Tag Archive: musicals


The Genius of Harold Lloyd

Cyd Charisse and Gene Kelly

Cyd Charisse and Gene Kelly in Singing in the Rain, 1952

While I was at my parent’s house for Thanksgiving, I decided to stay the night so I could more easily go to the famous Sun City Arts & Craft Show the next day. That night, I stayed up with my dad and we got to watch a compilation film done by silent film comedian Harold Lloyd in 1962, that featured all of his best work. I will admit that other than his most famous film Safety Last, and really only the clock tower scene, I hadn’t really watched anything of his. My husband is less appreciative of classic Hollywood movies than I am, so the only time I really get to watch good old movies is when I am with my parents, and more specifically with my dad. He really got me interested in Old Hollywood films circa 1890s-1950s, and it was because of him that I took some film history classes during my undergraduate career. My parents are the reason I grew up watching film stars like Gene Kelley, Cyd Charisse, Fred Astaire, Howard Keel, Leslei Caron, Ann Miller, Frank Sinatra and Bob Fosse instead of more traditional 80s and 90s stars like Molly Ringwald, Matthew Broderick or Jennifer Grey. The last star at least I made up for in Graduate School the first time as my friends and I went through an obsessive Dirty Dancing faze.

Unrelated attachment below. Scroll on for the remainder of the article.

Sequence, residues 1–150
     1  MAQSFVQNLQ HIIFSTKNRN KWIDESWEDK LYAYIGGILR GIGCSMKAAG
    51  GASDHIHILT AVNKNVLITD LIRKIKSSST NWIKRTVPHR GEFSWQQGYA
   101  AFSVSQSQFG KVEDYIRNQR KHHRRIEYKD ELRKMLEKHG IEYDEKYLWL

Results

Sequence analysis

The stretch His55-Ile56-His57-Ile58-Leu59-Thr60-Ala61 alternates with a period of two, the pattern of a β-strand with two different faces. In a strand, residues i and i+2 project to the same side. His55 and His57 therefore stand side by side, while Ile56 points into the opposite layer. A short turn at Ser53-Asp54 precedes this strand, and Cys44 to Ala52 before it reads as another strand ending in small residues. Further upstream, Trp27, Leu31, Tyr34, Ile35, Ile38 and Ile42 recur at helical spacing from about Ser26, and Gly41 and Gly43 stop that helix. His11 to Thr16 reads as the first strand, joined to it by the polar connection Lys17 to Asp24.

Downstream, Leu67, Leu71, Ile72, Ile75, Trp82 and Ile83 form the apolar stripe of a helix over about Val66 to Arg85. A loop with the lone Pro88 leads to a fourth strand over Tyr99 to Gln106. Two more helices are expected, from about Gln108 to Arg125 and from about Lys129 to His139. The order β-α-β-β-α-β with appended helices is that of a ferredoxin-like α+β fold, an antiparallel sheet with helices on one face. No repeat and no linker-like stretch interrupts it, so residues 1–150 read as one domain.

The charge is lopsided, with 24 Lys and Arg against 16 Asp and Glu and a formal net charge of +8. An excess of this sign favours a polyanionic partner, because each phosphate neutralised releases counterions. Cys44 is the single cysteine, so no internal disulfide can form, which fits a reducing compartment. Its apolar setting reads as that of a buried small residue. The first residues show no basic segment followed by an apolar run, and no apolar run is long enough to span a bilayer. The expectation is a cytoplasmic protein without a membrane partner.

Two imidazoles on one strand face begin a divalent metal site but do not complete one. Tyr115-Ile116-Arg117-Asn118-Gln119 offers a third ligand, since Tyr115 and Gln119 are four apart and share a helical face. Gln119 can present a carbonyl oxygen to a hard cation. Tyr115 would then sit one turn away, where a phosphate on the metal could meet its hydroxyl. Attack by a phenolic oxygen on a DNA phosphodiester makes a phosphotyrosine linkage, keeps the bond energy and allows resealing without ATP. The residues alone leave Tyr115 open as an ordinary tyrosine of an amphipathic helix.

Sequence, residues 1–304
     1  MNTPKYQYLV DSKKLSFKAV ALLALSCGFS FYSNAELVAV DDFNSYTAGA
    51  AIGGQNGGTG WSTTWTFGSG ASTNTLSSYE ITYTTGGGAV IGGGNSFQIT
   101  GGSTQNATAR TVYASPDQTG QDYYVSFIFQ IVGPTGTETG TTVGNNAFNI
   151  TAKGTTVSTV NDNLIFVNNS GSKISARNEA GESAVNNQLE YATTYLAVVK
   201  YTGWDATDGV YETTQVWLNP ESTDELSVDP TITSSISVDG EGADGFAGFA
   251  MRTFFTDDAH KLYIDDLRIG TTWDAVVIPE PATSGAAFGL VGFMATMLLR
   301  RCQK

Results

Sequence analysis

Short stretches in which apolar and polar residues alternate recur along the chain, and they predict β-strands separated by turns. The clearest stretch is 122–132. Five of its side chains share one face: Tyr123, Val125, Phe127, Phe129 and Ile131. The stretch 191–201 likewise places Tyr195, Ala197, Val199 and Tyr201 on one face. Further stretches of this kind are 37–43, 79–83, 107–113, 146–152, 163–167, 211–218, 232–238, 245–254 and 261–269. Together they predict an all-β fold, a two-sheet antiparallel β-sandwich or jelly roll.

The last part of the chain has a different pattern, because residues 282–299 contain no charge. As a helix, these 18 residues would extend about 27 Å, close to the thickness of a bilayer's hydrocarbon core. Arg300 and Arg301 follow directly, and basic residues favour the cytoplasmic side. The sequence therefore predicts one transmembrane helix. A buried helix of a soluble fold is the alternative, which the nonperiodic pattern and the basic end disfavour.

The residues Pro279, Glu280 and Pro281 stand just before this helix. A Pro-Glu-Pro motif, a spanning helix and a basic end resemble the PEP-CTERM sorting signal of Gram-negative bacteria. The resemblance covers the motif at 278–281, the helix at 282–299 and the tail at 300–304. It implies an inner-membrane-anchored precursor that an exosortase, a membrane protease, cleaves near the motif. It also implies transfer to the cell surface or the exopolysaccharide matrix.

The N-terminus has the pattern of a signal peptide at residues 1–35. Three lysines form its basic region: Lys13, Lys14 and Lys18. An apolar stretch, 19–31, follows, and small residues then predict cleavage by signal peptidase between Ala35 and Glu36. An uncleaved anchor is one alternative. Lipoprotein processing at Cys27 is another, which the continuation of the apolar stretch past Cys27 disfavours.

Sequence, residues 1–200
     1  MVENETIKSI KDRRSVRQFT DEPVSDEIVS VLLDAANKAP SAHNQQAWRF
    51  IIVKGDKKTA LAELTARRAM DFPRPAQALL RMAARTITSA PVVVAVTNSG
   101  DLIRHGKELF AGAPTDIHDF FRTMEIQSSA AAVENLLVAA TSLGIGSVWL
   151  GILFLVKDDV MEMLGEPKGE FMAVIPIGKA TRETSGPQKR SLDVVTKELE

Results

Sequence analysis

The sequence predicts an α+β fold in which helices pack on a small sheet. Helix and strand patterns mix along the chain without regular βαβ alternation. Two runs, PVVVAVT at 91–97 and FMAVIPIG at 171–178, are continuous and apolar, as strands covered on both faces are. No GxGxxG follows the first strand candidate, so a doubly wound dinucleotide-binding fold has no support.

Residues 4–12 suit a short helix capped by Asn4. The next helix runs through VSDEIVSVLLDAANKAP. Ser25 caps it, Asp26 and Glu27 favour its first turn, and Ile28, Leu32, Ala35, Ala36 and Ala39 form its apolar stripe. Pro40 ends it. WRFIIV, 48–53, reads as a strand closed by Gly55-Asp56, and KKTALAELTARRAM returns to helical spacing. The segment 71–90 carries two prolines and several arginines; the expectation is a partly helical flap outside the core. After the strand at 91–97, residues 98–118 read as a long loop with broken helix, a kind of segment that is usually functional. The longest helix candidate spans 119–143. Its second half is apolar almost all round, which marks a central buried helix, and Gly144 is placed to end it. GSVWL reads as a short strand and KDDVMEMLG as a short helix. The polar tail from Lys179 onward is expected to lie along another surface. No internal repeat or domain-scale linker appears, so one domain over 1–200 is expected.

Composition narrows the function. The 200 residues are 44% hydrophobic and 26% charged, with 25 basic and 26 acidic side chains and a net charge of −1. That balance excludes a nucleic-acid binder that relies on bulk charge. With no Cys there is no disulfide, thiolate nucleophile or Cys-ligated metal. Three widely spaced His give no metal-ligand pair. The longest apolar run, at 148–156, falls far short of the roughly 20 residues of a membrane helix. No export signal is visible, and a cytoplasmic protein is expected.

Harold Lloyd in Safety Last

Harold Lloyd in Safety Last!, 1923